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China's premier says Dalai Lama threatens national unity

BEIJING—China's Premier Wen Jiabao on Friday repeated claims that the Dalai Lama, the exiled spiritual leader of Tibet, threatens the unity of the nation and may be trying to separate his Himalayan homeland from China.

Surveying the situation in crucial outlying regions within China's sphere, Wen also criticized what he called the "plots taken by secessionist forces" in Taiwan, the self-ruled island that China claims, and praised Hong Kong for having the "freest economy in the world."

Wen's remarks came in an annual news conference that's the only chance for journalists to question China's senior leadership.

Speaking for two hours from a rostrum bedecked with flowers, Wen discounted any chance that he would meet with the Dalai Lama, who won the Nobel Peace Prize in 1989, unless the Dalai Lama categorically accepted China's dominance of Tibet.

Wen called on the Dalai Lama, who heads a government-in-exile in a hilltop town in India, to state publicly that Tibet "is an inalienable part of China's territory" and make a similar statement on Taiwan. Once that occurs, "we are willing to have consultations with the Dalai Lama on his personal future," he said.

But Wen said that the Dalai Lama advocates "a so-called high degree of autonomy for Tibet," which he indicated was unrealistic.

"In his request, he actually asked for all the Chinese troops to withdraw from Tibet and he even asked for all the Han people to leave Tibet," Wen said. "From all he has said, it is very easy for us to see whether he is genuinely working for a unified country or whether he is trying to sabotage or undermine the unity of the country."

Chinese troops marched into remote Tibet in the 1950s, and the Dalai Lama fled into exile in 1959. In recent years, he's affirmed that he wants autonomy for Tibet, not independence, but China doesn't believe him.

China finished a 715-mile railway linking the nation to Lhasa, the Tibetan capital, last July. Last week, the Dalai Lama said Han Chinese, who make up 93 percent of China's vast population, are flooding into Tibet.

"It is a source of deep concern that ever since the railway line became operational, Tibet has seen a further increase in Chinese population transfer," he said.

The Tibet government-in-exile contended in a statement on Thursday that thousands of Chinese fortune-seekers and laborers arrive daily by rail to Lhasa. The population of Lhasa, which stood at 20,000 people in 1950, is climbing toward 300,000 people, and Beijing has a target of letting it grow to 700,000, the statement said.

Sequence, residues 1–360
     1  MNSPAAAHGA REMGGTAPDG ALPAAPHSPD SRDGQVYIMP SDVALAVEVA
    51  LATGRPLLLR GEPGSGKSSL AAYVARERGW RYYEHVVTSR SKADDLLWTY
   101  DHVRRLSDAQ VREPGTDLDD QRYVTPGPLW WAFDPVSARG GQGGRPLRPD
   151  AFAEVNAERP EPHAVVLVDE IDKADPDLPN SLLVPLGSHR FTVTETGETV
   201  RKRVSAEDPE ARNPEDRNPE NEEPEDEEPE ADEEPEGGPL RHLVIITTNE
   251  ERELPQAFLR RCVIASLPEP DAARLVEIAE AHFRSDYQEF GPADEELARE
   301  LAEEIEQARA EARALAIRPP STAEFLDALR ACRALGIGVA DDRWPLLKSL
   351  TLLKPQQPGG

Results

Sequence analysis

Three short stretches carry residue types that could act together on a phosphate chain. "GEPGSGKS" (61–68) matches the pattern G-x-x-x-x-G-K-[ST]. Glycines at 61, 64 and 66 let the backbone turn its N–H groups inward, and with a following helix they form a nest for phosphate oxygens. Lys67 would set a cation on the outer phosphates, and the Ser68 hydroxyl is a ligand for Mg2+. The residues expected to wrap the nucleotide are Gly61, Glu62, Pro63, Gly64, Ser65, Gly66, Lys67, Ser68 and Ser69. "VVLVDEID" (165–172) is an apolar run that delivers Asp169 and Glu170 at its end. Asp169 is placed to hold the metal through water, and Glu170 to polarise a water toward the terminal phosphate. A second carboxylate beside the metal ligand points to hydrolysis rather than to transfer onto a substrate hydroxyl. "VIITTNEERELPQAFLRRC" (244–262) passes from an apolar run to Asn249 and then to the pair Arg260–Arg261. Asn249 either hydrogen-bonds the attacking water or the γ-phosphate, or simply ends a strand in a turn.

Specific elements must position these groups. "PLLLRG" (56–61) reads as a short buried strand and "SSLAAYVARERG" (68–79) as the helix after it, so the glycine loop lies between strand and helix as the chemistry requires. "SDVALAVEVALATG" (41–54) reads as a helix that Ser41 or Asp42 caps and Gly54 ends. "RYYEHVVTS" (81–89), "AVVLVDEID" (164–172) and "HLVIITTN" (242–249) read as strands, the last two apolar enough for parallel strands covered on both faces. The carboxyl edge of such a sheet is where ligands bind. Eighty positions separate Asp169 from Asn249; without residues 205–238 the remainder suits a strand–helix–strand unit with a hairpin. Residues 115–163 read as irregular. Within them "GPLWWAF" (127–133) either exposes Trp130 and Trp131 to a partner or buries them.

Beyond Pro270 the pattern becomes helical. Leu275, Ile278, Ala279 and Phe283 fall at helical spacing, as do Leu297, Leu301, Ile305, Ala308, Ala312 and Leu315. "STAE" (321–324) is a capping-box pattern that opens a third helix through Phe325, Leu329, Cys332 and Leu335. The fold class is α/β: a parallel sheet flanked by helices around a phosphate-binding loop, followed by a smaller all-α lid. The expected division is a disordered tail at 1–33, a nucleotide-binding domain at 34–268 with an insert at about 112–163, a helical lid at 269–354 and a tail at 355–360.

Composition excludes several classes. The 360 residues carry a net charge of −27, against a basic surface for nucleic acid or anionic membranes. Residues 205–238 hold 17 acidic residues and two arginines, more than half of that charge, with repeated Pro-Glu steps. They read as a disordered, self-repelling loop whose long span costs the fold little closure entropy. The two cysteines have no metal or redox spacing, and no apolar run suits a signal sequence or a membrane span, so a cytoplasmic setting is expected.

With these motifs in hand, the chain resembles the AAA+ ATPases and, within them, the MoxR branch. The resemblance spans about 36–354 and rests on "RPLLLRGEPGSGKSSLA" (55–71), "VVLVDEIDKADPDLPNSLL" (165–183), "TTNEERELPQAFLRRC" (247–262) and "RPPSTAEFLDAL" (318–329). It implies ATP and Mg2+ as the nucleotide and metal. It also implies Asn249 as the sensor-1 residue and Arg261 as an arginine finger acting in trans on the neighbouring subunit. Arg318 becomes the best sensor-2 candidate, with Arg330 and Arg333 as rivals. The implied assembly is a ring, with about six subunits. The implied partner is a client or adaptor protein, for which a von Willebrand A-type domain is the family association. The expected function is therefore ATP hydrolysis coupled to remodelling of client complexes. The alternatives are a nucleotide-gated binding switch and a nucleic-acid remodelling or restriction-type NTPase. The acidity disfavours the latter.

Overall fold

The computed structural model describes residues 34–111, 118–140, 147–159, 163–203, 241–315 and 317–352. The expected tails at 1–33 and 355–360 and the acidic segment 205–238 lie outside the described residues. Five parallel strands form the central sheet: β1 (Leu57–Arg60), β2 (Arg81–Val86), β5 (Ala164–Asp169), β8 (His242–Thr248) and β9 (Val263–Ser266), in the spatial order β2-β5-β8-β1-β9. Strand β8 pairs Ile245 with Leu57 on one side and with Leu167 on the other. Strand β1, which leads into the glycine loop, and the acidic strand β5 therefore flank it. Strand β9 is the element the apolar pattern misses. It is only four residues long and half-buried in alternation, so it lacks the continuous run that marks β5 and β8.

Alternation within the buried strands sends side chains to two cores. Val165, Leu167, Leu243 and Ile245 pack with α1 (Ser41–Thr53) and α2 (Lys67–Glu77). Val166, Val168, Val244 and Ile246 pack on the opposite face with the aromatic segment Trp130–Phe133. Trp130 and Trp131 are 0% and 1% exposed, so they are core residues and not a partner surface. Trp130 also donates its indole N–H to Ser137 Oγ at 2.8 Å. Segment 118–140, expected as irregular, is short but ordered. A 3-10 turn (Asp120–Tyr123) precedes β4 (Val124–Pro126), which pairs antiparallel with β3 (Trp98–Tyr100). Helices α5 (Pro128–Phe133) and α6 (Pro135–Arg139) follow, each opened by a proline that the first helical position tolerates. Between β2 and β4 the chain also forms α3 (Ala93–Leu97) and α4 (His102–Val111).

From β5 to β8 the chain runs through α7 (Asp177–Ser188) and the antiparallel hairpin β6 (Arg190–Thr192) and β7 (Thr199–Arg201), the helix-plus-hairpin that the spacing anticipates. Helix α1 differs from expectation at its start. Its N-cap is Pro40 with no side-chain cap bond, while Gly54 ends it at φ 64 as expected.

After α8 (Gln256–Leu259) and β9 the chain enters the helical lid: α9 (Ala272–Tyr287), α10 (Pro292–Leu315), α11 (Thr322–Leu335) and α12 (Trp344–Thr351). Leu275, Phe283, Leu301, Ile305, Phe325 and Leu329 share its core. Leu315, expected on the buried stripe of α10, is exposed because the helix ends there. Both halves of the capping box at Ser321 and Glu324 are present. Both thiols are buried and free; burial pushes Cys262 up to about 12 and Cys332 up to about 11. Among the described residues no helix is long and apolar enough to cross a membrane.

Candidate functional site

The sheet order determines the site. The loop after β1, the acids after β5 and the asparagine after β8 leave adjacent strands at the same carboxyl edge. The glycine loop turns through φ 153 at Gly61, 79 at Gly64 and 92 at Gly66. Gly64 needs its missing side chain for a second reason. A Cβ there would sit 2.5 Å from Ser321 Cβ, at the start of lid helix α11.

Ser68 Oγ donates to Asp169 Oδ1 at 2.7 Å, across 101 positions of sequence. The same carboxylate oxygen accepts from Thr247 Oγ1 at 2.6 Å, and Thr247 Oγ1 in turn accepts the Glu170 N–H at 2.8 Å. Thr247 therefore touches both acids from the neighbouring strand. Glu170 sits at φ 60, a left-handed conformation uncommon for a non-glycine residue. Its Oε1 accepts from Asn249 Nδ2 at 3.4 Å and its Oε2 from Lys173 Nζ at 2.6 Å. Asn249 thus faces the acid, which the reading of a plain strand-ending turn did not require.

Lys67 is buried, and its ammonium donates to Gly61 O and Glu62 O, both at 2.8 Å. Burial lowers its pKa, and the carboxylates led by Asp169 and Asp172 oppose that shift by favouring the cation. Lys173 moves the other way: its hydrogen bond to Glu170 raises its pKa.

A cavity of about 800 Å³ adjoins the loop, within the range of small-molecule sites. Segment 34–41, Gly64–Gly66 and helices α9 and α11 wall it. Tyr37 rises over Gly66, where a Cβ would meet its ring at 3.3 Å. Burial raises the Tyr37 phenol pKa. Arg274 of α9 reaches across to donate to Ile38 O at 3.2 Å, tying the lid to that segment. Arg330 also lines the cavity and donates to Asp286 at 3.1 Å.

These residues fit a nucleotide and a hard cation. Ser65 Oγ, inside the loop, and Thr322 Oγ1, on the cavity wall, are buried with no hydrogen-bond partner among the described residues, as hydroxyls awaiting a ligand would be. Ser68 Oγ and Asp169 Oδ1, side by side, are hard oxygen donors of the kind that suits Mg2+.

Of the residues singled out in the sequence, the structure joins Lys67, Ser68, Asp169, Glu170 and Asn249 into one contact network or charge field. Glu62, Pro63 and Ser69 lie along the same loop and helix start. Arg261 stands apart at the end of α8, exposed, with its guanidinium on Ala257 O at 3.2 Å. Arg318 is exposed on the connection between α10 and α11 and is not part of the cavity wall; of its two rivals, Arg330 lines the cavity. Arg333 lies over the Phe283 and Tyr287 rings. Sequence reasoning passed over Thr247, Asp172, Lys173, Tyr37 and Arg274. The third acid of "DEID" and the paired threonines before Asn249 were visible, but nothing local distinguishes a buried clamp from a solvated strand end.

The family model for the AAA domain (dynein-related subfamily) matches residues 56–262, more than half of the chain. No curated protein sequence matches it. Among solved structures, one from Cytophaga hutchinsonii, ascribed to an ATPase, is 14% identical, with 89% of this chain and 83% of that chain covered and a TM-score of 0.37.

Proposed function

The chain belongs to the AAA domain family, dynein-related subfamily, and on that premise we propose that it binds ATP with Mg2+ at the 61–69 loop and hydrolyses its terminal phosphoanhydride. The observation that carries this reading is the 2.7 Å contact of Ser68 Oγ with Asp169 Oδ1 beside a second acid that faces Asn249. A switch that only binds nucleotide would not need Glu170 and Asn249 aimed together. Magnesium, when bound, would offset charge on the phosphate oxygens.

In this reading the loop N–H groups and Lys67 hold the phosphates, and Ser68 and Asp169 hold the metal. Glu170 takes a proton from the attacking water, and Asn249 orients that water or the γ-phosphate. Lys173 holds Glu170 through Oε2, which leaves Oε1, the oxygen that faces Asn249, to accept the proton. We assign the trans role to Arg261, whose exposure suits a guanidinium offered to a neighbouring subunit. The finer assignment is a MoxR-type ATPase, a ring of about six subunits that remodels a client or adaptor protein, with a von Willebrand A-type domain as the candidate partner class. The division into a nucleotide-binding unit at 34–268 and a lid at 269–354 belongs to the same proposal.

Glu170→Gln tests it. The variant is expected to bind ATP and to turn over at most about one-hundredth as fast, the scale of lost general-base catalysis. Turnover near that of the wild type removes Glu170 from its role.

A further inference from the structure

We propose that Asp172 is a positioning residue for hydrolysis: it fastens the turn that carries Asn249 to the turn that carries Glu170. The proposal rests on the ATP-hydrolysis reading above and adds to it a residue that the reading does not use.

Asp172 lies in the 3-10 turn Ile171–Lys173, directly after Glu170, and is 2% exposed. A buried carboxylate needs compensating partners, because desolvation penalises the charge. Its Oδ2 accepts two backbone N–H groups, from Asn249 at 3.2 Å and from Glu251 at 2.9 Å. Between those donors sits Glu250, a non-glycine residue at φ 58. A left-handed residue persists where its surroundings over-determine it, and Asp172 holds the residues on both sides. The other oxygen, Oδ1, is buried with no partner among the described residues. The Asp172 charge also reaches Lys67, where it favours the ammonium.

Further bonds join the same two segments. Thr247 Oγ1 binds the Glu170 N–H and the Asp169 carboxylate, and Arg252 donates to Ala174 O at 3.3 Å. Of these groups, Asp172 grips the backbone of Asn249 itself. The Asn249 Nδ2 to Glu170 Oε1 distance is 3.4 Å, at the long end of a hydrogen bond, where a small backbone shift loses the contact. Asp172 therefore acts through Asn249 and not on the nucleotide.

Envoys of the Dalai Lama and Beijing have held five rounds of talks since 2002, when contacts were renewed after two decades. But talks stalled in February 2006.

"The Chinese government has ramped up negative rhetoric and there are no indications from Beijing that they are prepared to engage on issues of concern to us or the international community," Paula J. Dobriansky, the State Department envoy on Tibetan issues, told a House panel in Washington Tuesday.

Now age 71, the Dalai Lama is entering a twilight as an active leader, and some scholars worry that his passing could unleash more confrontational approaches.

Dobriansky said China should speak directly to the Dalai Lama.

"It is in China's self-interest to defuse tensions in Tibet by moderating (its) repressive and assimilationist policies, by substantively engaging the Dalai Lama or his representatives, and by inviting the Dalai Lama to China," she said.

Wen called the upcoming year a crucial one for Taiwan Strait relations, noting that the island has elections next year to replace President Chen Shui-bian, who has inched Taiwan toward outright independence.

"We are closely watching the various actions and plots taken by the secessionist forces in Taiwan on the road toward seeking independence," Wen said, warning that China would never allow Taiwan to take such action.

Wen hailed the decade since Hong Kong, a former British colony, returned to Chinese rule as "an extraordinary period" with new prosperity for Hong Kong people.

Perhaps in an oblique reference to the rise of Shanghai, a port that's challenging Hong Kong's role as an East Asian financial center, Wen said: "Hong Kong's role as an international financial center, shipping center and trade center cannot be replaced by any other city."

Beijing has declined to set a timetable for direct elections for Hong Kong's chief executive. In a small step forward, on March 25 an elite 800-member election committee will choose between a pro-democracy lawmaker and the Beijing-backed incumbent, who's seeking a new term.


(c) 2007, McClatchy-Tribune Information Services.

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